Proposition 3. |
---|

We define the expected recourse risk by ]. Then, for any , the following inequality holds with probability at least : |

#### Experimental Results

By numerical experiments, we compared our method with the baseline methods on four tabular data sets (FICO, COMPAS, Credit, Bail) which are widely used as benchmarks in explainability field. Here, FICO and Credit are real datasets on loan screening in the financial sector, and COMPAS and Bail are real datasets on recidivism prediction in the legal sector. As baseline methods, a standard learning method without constraint (Vanilla) and a learning method using only actionable features (OAF). We performed 10 fold cross validation on each dataset, and measured prediction accuracy, action guarantee rate, and computation time.

Figure 6 shows the experimental results of our baseline comparison. The upper part shows the prediction accuracy, the middle part shows the action guarantee rate, and the lower part shows the computation time. Based on the experimental results, the proposed method (recurse-aware classification tree; RACT) achieved a higher action guarantee rate than the baseline approach. On the other hand, there was no significant difference in prediction accuracy and computation time among the methods. From the above results, we confirmed that **the proposed method (RACT) achieved high action guarantee rate without degrading prediction accuracy and computation efficiency**.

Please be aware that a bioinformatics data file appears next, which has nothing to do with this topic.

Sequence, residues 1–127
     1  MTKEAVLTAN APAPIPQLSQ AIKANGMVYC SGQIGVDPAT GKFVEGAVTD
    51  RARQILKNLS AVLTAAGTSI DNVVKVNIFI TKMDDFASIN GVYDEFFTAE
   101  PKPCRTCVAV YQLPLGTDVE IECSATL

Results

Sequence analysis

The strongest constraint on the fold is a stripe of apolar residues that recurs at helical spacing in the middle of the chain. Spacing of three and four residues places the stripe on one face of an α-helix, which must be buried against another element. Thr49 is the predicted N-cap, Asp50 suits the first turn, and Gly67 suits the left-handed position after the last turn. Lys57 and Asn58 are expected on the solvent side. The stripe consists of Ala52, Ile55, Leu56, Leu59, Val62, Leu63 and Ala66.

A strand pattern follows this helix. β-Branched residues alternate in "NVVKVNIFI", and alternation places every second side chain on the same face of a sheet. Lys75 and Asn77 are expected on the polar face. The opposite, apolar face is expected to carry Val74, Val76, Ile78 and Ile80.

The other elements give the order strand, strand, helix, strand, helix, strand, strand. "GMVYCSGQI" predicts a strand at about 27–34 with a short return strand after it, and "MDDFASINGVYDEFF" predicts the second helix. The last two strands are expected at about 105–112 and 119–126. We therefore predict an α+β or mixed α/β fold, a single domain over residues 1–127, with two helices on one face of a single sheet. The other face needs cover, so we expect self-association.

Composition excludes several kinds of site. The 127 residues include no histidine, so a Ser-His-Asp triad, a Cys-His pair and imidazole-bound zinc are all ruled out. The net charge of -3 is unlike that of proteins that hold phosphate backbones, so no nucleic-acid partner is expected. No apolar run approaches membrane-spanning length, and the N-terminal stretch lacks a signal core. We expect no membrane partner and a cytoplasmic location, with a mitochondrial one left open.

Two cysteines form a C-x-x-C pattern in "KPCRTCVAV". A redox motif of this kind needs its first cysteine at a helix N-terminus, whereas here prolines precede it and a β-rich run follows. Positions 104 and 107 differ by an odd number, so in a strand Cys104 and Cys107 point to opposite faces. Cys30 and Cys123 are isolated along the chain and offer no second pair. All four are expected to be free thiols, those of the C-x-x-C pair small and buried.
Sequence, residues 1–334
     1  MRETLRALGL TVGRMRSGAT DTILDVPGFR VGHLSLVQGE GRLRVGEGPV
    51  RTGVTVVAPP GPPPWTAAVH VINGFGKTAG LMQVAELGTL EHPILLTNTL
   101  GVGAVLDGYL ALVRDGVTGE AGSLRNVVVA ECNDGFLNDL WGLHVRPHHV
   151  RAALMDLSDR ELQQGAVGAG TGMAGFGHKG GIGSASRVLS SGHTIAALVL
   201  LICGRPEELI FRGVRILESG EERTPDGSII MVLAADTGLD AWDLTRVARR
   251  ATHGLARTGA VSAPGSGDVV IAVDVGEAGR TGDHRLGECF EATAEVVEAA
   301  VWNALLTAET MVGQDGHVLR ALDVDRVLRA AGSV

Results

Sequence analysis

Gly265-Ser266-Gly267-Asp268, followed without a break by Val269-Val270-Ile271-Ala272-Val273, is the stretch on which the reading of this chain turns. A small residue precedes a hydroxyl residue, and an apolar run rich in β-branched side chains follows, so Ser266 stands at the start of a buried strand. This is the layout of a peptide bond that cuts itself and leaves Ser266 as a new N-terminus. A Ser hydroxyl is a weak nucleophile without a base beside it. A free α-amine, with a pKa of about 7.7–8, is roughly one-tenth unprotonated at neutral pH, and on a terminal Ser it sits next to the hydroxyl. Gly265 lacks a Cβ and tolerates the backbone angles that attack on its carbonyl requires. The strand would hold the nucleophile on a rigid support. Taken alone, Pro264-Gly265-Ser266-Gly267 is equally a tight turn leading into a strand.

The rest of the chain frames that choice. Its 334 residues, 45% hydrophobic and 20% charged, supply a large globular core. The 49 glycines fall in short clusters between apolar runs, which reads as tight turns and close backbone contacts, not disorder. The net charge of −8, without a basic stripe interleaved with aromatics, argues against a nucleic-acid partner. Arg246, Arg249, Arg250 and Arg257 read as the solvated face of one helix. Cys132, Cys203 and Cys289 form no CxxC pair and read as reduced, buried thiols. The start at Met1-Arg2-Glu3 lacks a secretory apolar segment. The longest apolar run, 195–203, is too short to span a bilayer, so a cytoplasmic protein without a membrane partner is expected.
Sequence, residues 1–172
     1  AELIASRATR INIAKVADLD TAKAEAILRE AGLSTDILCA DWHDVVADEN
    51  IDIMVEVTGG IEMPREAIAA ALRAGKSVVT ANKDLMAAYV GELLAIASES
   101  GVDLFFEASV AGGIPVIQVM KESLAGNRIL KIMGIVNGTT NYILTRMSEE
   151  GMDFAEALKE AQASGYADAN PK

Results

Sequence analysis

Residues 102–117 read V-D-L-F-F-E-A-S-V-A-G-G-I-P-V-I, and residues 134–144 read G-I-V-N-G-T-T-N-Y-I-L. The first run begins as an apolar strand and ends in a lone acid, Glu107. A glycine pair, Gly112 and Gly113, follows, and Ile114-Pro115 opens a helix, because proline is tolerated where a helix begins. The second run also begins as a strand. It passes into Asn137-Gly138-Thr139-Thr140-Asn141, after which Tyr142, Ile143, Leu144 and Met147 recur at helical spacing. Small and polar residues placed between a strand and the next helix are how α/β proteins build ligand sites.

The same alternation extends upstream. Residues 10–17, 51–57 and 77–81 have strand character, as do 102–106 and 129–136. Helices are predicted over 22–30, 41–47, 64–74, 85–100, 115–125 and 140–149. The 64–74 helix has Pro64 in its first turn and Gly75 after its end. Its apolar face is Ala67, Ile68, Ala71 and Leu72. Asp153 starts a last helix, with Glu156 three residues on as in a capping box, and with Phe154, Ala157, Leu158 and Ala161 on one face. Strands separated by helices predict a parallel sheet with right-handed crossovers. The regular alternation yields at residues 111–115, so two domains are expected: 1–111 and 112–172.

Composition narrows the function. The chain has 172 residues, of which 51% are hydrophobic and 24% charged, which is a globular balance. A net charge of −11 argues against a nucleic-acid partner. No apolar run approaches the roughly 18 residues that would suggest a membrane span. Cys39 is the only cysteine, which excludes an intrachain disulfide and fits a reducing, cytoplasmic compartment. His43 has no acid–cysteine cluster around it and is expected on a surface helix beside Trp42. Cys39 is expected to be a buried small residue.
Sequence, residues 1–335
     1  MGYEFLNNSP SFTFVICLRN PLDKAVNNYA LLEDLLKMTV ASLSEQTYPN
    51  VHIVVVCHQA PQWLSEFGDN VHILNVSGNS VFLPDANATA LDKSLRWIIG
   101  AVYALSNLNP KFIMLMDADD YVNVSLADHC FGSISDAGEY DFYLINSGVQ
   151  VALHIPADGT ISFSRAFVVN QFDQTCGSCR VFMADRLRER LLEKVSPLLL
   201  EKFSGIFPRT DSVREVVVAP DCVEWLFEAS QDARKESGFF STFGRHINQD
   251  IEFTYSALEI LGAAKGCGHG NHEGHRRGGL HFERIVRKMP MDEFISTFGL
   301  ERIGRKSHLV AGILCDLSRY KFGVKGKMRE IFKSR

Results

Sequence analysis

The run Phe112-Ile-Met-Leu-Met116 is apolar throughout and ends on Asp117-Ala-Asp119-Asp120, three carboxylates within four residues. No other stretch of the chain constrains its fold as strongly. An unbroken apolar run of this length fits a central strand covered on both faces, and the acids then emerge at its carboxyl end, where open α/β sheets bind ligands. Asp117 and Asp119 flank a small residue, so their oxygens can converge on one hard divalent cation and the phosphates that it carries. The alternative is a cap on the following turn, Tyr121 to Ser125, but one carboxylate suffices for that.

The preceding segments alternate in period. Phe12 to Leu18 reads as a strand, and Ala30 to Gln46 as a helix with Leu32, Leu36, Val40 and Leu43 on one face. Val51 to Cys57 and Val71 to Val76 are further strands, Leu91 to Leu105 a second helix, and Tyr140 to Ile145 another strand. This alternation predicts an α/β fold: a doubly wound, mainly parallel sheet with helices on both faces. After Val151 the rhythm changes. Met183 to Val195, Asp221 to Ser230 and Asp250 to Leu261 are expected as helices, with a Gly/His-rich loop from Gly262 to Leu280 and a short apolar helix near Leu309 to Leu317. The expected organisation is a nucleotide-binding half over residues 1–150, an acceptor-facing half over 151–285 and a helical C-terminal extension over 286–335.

Figure 7 shows the experimental results for our sensitivity analysis of the trade-off parameter in a random forest. As the value of decreases, the AUC (upper row) improved. On the other hand, as the value of increases, the action guarantee ratio (lower row) improved. From these results, we can confirm that **the proposed method could adjust the trade-off between prediction accuracy and action guarantee rate by controlling the trade-off parameter **. In real decision-making situations, it is not always necessary to guarantee actions to all users at the expense of predictive accuracy. Our experimental results suggest that the proposed method could be flexibly adapted to such realistic use cases.

## Conclusion

This article introduced our research on “Learning Decision Trees and Forests with Algorithmic Recourse," which was accepted as a spotlight paper at ICML2024. Future work includes extending to the framework of gradient boosting, such as XGBoost and LightGBM, another popular tree ensemble model learning framework. Application to actual decision-making tasks is also one of our future work.